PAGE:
Playing Catch-Up: Six Smart Ways to Catch Up In a Class Once You Fall Behind

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Playing Catch-Up: Six Smart Ways to Catch Up In a Class Once You Fall Behind

It’s the first day of a new class—you dutifully read through the syllabus, make plans to get all your homework done and ace every test. Flash forward to a month into the semester—you’re three assignments behind, you’ve missed a couple class periods, and you’re no where near being ready for the midterm coming up in a few weeks. Sound familiar? Getting behind in your classes is something that is easy to do if you are sick, if there is a family emergency or if you simply don’t understand the material. Although you start the semester with the best of intentions, you can easily fall behind. Once you realize you are behind in the class, know that all is not lost. You can quickly catch up by using a few tricks that will get you back on track—fulfilling all those intentions you had in the first place.

Plan Ahead

Some people tend to fall behind in classes because they don’t stick to, or aren’t aware of due dates. Once you fail to turn in one assignment, you’ll be trying to catch up for weeks. If you write everything down such as homework assignments, test dates and any projects, then you can stay on track with due dates. As soon as you are given an assignment, write it down. If you have trouble keeping all of your due dates straight, you need a planner. Even if you feel like a fairly organized person, you will really benefit from having a student planner that holds all the information you need. If you prefer to have digital records, you can find Eplanners at meridianplanners.com so that you can electronically enter deadlines and set reminders for yourself. You’re more likely to remember due dates, test dates, and assignments if you write them down (or type them out), and you’ll be sure to get things turned in on time if you get an automatic notification about the assignment a few days before it’s due.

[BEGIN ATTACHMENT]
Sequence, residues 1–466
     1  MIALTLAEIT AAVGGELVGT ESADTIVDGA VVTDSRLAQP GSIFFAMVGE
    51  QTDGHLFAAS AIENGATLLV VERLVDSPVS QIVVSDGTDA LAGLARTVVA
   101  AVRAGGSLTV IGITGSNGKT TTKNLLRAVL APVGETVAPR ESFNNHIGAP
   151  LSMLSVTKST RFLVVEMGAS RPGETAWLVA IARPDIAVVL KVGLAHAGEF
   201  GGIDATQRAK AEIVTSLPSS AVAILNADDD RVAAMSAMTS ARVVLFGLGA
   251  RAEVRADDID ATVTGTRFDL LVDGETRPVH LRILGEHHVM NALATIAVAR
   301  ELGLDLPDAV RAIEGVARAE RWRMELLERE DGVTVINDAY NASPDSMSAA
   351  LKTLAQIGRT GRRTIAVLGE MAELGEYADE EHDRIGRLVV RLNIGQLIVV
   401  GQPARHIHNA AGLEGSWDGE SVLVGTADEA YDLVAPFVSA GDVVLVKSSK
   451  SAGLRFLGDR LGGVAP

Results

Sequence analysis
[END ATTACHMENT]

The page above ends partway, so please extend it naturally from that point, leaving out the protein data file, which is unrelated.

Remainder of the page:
Professing Help

Some students think that once they get behind, they have to figure out how to catch up on their own. Depending on your reasons for missing class, some professors might not be willing to give you any leeway with due dates. However, if you are falling behind because you don’t understand the material, many college professors will be more than happy to help you catch up on any work as long as you let them know. They often have office hours when you can meet with them before or after class. Take examples of the work that you don’t understand so that the professor knows how to help. Don’t wait until the last minute because semesters in college are only for a short amount of time, and a professor will be less able to help you catch up right before the final. Some students are intimidated by professors which is why they don’t ask for help. Granted, your professor might not being friendly, but if you genuinely need help and come to them with questions, they should be willing to help you.

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Study Buddies

If there is a group of people in your class who doesn’t understand the material, then start a study group. You can quiz each other before tests and ask each other questions about parts that you don’t know. One person might be able to grasp an idea better than someone else, and you can start to teach each other. This is a way for several people to stay on top of the class instead of falling behind. You might find that you will retain the information better if it is learned with a group of peers instead of from a teacher. You can form a study group at any point in the semester, but getting people together right when you start falling behind will give you a better chance of catching up.